The eye drug Lucentis (ranibizumab injection), approved in August to treat diabetic macular edema, may also be useful in people with diabetic retinopathy, according to research recently presented at the 2012 Joint Meeting of the American Academy of Ophthalmology. More than 5.3 million adults in the United States have diabetic retinopathy, which occurs when diabetes damages tiny blood vessels in the eye’s retina (the light-sensitive tissue at the back of the eye).
Lucentis is currently approved to treat wet age-related macular degeneration, macular edema following retinal vein occlusion, and diabetic macular edema, and it is administered via a monthly injection into the eye by a health-care professional. To determine the drug’s effects on the severity of diabetic retinopathy in people with the condition, researchers looked at three years of data from the RISE and RIDE trials — two identically designed, double-blind, placebo-controlled studies conducted by the drug’s manufacturer.
Participants were randomly assigned to one of three groups: 257 people received a placebo (inactive) injection for the first two years of the study; 250 received a monthly 0.3-milligram dose of Lucentis; and 252 received a monthly 0.5-milligram dose of Lucentis. All those being given placebo injections were switched to a 0.5-milligram dose of Lucentis in the third year of the study.
For their analysis, the researchers looked at people with diabetic retinopathy, using various methods to determine whether worsening of the condition had occurred over the study period. Results from the two-year mark indicated that Lucentis prevented worsening of diabetic retinopathy and actually improved the condition in most people receiving it. Data from three years showed that the average improvement in vision (measure by the ability to read lines on an eye chart) was improved in both groups receiving the medicine and began to improve in people who were switched over from the placebo group.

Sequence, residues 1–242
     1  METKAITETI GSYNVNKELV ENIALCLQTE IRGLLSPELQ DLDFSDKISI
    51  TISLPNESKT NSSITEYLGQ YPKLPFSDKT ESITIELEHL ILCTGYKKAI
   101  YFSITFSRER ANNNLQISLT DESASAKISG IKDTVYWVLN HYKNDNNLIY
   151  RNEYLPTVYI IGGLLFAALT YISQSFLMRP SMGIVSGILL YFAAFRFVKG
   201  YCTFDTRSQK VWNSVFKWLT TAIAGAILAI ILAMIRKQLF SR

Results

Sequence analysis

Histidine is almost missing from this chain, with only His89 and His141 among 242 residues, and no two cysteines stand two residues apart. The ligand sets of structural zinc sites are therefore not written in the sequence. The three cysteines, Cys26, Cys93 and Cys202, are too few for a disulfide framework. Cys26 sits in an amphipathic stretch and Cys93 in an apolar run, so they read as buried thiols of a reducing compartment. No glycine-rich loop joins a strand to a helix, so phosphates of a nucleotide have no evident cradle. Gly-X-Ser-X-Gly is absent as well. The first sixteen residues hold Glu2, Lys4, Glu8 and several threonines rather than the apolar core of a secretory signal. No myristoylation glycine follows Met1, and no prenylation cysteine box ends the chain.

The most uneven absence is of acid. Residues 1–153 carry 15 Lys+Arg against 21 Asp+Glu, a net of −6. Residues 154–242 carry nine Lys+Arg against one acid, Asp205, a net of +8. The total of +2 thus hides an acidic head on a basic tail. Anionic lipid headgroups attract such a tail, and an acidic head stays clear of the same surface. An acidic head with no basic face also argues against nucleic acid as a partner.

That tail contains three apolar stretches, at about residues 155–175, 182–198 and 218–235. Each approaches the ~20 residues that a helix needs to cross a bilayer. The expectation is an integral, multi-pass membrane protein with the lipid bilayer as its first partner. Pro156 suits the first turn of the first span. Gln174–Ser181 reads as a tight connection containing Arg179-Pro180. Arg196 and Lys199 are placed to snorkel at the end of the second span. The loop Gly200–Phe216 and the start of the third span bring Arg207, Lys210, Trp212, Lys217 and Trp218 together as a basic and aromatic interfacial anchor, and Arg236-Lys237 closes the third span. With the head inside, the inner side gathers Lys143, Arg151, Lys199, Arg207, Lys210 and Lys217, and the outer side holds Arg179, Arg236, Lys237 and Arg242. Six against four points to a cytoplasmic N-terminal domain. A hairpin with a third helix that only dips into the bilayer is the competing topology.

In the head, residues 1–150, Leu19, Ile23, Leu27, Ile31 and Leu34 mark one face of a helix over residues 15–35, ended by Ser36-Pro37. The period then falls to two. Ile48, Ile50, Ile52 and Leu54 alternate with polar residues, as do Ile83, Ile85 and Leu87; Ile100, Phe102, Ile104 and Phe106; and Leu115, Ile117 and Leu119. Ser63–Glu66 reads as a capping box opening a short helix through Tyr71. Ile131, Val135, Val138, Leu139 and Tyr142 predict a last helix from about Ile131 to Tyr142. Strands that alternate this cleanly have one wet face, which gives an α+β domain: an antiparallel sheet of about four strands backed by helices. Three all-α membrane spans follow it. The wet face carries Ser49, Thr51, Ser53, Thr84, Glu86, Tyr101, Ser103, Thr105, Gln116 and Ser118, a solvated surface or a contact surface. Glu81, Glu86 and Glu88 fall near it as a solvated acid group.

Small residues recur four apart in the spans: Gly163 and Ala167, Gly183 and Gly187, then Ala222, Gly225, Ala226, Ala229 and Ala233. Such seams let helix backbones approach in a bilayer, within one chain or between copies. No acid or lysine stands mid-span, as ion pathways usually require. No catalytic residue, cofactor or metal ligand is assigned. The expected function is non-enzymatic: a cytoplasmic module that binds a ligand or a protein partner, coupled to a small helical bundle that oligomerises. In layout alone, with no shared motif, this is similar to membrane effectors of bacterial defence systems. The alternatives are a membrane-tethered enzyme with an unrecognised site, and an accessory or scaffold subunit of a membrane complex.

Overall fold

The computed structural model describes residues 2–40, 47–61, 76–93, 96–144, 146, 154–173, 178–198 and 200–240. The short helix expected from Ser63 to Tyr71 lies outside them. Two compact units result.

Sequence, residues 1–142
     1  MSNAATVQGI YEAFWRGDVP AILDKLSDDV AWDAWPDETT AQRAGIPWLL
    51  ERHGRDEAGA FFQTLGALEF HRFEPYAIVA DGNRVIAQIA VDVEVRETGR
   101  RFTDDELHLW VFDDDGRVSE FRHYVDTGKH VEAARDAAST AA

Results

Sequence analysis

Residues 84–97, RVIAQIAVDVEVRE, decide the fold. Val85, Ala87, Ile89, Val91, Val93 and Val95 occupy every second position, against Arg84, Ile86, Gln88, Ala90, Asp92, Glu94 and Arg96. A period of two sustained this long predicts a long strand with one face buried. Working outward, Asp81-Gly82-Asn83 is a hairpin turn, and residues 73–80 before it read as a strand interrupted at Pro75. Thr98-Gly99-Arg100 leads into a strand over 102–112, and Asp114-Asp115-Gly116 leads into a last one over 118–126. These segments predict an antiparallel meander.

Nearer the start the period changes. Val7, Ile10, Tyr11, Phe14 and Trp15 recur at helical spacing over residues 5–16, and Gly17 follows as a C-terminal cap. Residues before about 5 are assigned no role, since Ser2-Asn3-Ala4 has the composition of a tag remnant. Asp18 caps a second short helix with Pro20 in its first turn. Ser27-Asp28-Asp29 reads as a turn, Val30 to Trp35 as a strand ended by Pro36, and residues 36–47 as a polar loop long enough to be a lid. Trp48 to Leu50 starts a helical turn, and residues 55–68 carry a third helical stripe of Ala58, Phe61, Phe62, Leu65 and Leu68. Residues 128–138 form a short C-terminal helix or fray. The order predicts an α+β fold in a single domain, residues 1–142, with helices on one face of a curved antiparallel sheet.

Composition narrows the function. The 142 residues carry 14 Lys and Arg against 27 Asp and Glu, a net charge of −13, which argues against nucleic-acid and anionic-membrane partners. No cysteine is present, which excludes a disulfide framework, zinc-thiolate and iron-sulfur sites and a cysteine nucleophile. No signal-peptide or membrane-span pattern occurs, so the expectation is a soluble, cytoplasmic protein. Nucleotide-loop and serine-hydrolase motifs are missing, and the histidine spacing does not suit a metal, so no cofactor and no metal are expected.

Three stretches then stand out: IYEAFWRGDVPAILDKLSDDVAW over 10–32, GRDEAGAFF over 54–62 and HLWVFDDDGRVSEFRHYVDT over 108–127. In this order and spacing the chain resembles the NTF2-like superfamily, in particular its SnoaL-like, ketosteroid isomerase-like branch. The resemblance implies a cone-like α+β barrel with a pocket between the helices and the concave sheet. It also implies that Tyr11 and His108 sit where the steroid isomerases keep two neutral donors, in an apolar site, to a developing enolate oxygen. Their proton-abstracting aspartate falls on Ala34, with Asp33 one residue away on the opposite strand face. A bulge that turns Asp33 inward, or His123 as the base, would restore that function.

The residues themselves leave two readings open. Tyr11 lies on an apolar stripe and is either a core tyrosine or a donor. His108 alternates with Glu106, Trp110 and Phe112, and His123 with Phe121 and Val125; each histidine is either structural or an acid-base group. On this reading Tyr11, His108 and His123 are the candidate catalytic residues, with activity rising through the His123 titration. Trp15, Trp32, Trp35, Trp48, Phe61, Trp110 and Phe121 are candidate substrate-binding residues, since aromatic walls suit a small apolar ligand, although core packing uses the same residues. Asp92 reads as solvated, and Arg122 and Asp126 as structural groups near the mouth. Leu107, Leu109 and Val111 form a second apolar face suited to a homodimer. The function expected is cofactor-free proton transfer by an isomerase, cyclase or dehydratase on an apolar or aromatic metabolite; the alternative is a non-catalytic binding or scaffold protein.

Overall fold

The investigators also found that significantly more people who began in the placebo group and switched over to Lucentis treatment later in the trial progressed to proliferative diabetic retinopathy than in either of the groups that received the medicine from the beginning, suggesting that delaying the therapy might reduce the chance of improving the severity level of the condition.
The early data “provide strong evidence that ranibizumab is effective in reducing the severity of diabetic retinopathy,” according to Michael Ip, MD, who led the research.
The authors call for further trials on the subject, but recommend in the meantime that clinicians consider using the drug alone or in combination with laser therapy to reduce the severity of diabetic retinopathy.
To learn more, read the article “Drug Improves Sight in Diabetic Retinopathy” or see the study’s abstract from the 2012 Joint Meeting of the American Academy of Ophthalmology (select “title” and type “Effects of intravitreal ranibizumab on diabetic retinopathy severity: 36-month data from RISE and RIDE trials” into the search box to retrieve the abstract). And for more information about eye health, click here.